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LEARNING OBJECTIVES
After studying this chapter, you should be able to:

1

Define perception and explain the
factors that influence it.

4

Explain the link between
perception and decision making.

7

2

Explain attribution theory and list
the three determinants of
attribution.

5

8

Contrast the three ethical decision
criteria.

3

Identify the shortcuts individuals
use in making judgments about
others.

Apply the rational model of
decision making and contrast it
with bounded rationality and
intuition.

Explain how individual differences
and organizational constraints
affect decision making.

6

List and explain the common
decision biases or errors.

9

Define creativity and discuss the
three-component model of
creativity.

ISBN 0-558-97987-4

166
Organizational Behavior, Fourteenth Edition, by Stephen P. Robbins and Timothy A. Judge. Published by Prentice Hall. Copyright © 2011 by Pearson Education, Inc.

6

Perception
and Individual
Decision Making
Indecision may or may not be my problem.
—Jimmy Buffett

G OOGLE’S INNOVATION MACHINE

ISBN 0-558-97987-4

W

hen you think about the roots of creativity
and innovation, you might imagine pure
inspiration, that singular Eureka! moment
that’s more artistic (right brain) than analytical (left
brain). In reality, though, the division between art and
analysis is mostly false, as Google’s process for making
creative and effective decisions illustrates.
Nicholas Fox, director of business product management, is a critical member of Google’s creative culture. However, like many at Google, he is an extraordinarily
analytical thinker.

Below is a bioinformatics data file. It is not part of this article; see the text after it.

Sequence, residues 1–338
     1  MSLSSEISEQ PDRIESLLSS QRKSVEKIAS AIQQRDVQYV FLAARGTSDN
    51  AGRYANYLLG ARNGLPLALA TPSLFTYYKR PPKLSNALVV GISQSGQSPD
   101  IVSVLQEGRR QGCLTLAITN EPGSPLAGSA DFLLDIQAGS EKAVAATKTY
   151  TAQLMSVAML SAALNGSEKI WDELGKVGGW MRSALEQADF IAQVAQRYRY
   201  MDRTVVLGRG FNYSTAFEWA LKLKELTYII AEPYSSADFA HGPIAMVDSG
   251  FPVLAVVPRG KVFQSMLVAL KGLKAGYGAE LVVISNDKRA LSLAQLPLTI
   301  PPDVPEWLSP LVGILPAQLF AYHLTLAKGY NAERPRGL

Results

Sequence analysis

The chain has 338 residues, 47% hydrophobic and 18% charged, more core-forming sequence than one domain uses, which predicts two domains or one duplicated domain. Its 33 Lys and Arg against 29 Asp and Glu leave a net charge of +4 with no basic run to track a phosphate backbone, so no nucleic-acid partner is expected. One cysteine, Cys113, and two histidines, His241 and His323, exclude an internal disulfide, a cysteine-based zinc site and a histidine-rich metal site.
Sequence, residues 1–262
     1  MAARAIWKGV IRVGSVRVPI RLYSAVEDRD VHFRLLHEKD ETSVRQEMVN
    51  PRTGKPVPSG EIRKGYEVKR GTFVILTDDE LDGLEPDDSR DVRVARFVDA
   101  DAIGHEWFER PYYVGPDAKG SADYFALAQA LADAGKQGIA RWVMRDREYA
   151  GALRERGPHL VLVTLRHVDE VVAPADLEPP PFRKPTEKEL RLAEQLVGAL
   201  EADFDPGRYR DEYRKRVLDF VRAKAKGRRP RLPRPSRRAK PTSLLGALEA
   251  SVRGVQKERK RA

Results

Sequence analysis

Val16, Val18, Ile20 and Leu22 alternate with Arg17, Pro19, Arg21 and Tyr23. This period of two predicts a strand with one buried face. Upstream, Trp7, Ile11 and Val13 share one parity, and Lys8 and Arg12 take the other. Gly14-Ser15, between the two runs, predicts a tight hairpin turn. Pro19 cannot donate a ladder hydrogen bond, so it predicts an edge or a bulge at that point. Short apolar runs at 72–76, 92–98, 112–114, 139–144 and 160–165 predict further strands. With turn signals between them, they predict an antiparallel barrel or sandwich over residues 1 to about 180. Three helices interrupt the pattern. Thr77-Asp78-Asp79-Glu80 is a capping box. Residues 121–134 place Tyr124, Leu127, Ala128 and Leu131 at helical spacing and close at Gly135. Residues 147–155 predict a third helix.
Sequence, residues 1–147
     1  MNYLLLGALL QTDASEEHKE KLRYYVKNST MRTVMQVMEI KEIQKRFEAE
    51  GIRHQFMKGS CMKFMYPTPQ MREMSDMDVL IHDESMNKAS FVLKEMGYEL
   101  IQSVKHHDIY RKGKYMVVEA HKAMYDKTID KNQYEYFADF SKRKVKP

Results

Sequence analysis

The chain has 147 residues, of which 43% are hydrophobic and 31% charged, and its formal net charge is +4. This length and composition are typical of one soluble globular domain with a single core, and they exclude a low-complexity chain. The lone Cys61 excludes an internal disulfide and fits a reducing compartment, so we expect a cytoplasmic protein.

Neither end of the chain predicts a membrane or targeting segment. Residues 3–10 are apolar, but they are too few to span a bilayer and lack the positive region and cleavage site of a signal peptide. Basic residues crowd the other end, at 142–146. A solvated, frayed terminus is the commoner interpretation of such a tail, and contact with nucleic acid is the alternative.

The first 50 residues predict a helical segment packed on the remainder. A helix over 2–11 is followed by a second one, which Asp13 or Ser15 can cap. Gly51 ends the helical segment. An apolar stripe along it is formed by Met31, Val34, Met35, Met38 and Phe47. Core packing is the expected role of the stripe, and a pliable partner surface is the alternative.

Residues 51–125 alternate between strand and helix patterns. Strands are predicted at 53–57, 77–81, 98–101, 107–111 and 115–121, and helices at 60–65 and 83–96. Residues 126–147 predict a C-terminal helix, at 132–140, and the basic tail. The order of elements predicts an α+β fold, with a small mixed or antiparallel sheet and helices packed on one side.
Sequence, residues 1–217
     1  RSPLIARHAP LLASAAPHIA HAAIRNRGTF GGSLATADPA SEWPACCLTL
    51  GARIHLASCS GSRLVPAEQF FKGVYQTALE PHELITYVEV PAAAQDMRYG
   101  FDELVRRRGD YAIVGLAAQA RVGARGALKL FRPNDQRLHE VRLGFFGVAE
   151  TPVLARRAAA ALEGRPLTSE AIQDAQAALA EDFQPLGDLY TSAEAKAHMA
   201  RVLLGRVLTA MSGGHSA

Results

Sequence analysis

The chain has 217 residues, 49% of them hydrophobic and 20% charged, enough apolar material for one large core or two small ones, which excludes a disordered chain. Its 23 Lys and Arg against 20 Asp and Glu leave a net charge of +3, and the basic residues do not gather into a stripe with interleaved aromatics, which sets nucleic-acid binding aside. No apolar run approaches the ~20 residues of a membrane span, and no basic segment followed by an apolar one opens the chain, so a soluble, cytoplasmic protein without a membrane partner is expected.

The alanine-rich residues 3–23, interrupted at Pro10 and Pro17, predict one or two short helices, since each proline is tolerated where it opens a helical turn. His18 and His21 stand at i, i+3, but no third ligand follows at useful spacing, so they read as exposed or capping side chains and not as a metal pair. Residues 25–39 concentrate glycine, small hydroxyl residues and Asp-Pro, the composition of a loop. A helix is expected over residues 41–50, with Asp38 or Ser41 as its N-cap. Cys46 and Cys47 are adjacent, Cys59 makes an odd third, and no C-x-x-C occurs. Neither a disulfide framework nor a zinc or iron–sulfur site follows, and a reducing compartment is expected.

A key part of Google’s profitability is advertising
revenues: it earns about $2 million in ad revenues per
hour. Google sells ads through a complex auction system. For every aspect of an ad’s placement and order, Fox runs an analysis to determine how each variable affects user behavior, advertisers, and Google’s revenue. Fox, a soft-spoken 30-year-old with a degree in economics and past experience at management consulting powerhouse McKinsey & Company, has been at Google

since 2003. He believes the secret to Google’s success—
it not only sells many more ads than its main rivals Yahoo
and Microsoft but it also earns 60 to 70 percent more ad
revenue on every search—rests on its ability to make intricate and fast adjustments, which in turn are based on the fact that Google “measures just about everything.”

Fox and Google don’t rest on their laurels, either. At
the height of the company’s growth in number of
users, Fox and others thought revenue-per-click was
too low. So Fox, along with chief economist Hal Varian
and principle engineer Diane Tang, devised complex
ad-pricing schemes whereby they charge advertisers
rates based on a “quality score”—an algorithm of the
ad’s ability to generate positive reactions among
Google’s users. Google will even advise advertisers
about how to increase their quality score (without, of
course, giving away the secrets of its algorithm).
Google’s culture is unique, but its successes suggest that if more organizations decided to blend creativity and analysis, they too would be more effective at innovation.
How has Google’s unusual approach to innovation
fared during the recession? CEO Eric Schmidt remarked,
“Innovation has nothing to do with downturns.”1
As the Google example shows, decision making
and creativity—the subjects of this chapter—are often
linked. Decision making is often intuitive, and creativity is often the product of analysis.We begin with a factor that feeds into both: perception. In the following Self-Assessment Library, consider

one perception, that of appropriate gender roles.

167
Organizational Behavior, Fourteenth Edition, by Stephen P. Robbins and Timothy A. Judge. Published by Prentice Hall. Copyright © 2011 by Pearson Education, Inc.

1 68

CHAPTER 6

Perception and Individual...
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